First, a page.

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Rethinking Investment Strategies

By Net Assets posted 06-14-2019 10:57 AM


Financial Management |

Many independent schools face financial challenges related to cash reserves, endowment depletion and operations. Finding ways to align enterprise considerations and investment strategies can help address these issues, said the presenters at the session “Aligning Your Endowment Strategy with Your School’s Operations” at the 2019 NBOA Annual Meeting. “The sweet spot for an endowment investment strategy is where the school’s needs and mission, the [investment] committee’s knowledge and experience, and the current state of the capital markets are aligned,” said presenter Richard Grzymajlo of FEG Investment Advisors.  

About ten years ago, St. Christopher’s School in Richmond, Virginia, a co-presenter at the session, had a strong endowment, but considerable financial obligations. The finance and investment committees weren’t comfortable with the $23 million dollars in debt held by the school and its foundation, taken out to support school construction.

The Episcopal all-boys day school with 1,000 students JK-grade 12 developed an investment policy statement (IPS) that clarified how it would pay down the debt by taking funds from the endowment. The IPS specified the annualized total return to be achieved each year, that the goal of investing was to maintain the foundation’s purchasing power, and that cash could be used to meet short-term liquidity needs. After discussions, the committees decided to use $7.5 million of its endowment to pay down the debt and has since paid an additional $2.5 million. The school now has a $13 million debt and took out a bridge loan to build a new leadership center and begin construction on a new recital hall.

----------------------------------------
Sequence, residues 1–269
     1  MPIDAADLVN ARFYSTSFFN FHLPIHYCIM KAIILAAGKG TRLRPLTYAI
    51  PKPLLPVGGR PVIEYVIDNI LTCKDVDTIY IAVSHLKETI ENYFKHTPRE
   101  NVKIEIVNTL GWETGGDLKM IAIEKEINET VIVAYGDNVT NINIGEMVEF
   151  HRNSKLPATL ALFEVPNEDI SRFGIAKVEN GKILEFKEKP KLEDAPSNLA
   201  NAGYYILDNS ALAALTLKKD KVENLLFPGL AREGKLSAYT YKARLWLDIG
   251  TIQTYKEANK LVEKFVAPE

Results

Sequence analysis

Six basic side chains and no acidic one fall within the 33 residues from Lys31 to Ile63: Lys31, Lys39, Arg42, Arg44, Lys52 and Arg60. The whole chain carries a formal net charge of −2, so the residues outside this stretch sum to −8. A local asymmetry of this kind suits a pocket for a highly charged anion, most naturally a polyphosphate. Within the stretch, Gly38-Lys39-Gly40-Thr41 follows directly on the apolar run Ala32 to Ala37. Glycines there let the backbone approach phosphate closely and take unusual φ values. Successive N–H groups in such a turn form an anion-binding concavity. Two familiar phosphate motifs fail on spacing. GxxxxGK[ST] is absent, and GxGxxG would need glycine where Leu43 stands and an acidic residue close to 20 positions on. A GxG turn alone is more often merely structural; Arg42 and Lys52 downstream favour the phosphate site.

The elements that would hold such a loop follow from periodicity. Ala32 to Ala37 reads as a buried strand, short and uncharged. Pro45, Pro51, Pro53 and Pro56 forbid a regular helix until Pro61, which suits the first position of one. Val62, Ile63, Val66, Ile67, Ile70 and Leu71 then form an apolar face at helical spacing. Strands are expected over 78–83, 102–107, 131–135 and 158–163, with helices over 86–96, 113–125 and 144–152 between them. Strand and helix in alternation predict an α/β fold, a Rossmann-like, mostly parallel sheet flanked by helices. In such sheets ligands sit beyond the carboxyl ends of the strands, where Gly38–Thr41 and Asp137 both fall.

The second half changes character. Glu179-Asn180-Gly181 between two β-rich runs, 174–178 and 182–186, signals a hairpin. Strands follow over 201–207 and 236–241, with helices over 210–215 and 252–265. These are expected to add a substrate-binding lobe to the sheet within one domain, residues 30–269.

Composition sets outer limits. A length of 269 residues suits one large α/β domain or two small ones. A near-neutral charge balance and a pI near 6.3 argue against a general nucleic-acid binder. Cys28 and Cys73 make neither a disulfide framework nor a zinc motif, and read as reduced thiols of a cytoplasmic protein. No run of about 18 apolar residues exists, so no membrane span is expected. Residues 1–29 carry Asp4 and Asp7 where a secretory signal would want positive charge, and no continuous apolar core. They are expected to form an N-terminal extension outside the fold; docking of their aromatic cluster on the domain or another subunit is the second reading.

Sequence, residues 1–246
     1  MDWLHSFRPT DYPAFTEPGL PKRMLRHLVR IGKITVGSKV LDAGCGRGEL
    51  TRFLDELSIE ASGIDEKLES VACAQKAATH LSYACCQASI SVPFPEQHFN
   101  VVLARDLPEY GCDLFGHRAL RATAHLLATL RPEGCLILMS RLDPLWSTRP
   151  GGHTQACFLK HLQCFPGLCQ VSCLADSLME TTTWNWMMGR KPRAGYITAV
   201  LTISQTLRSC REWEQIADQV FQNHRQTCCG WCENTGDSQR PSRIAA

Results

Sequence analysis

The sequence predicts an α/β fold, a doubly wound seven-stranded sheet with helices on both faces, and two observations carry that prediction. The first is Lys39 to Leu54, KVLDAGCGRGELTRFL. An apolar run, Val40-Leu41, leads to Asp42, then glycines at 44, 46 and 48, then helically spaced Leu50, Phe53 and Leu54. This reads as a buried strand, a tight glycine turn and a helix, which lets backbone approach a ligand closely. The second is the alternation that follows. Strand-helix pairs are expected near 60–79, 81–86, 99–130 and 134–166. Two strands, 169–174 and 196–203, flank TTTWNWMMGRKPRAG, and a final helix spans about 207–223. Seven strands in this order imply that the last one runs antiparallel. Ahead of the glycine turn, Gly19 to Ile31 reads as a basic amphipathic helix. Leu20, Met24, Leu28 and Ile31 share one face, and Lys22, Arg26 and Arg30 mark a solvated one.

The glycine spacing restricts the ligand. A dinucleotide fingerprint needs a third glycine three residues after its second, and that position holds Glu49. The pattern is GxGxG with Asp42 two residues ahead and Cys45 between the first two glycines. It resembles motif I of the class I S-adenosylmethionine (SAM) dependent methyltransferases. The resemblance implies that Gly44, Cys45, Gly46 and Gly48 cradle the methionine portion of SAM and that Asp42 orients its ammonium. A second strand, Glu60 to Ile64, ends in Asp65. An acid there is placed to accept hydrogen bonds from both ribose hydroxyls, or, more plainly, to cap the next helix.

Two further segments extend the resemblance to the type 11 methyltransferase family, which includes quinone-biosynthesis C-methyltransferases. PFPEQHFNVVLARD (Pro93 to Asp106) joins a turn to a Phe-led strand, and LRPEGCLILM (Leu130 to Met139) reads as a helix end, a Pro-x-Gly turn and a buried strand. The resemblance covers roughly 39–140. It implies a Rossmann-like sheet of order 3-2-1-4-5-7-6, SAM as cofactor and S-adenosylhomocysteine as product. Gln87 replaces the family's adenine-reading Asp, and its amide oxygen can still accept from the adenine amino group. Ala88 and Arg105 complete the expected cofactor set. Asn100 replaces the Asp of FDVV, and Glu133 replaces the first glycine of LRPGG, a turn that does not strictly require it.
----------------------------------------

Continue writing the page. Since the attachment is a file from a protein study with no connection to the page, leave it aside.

St. Christopher’s IPS also sought to limit volatility in year-to-year spending. The document called for developing a five-year plan, budgeting based on current funds and expected returns, and discussion of investment models. The investment committee wanted to ensure the budget was balanced consistently while maintaining long-term growth of the fund. The spending rate will “step down” over a number of years for this to happen.

While the IPS was instrumental in helping the school plan its strategy, the key to developing an effective investment policy was the collaboration and communication between the finance and investment committees. Often, finance committee members are board members who are closely connected to the school. Investment committee members may be advisors from outside the school and don’t serve on the board. Work to connect the parties should pay dividends, as in the case of St. Christopher’s.


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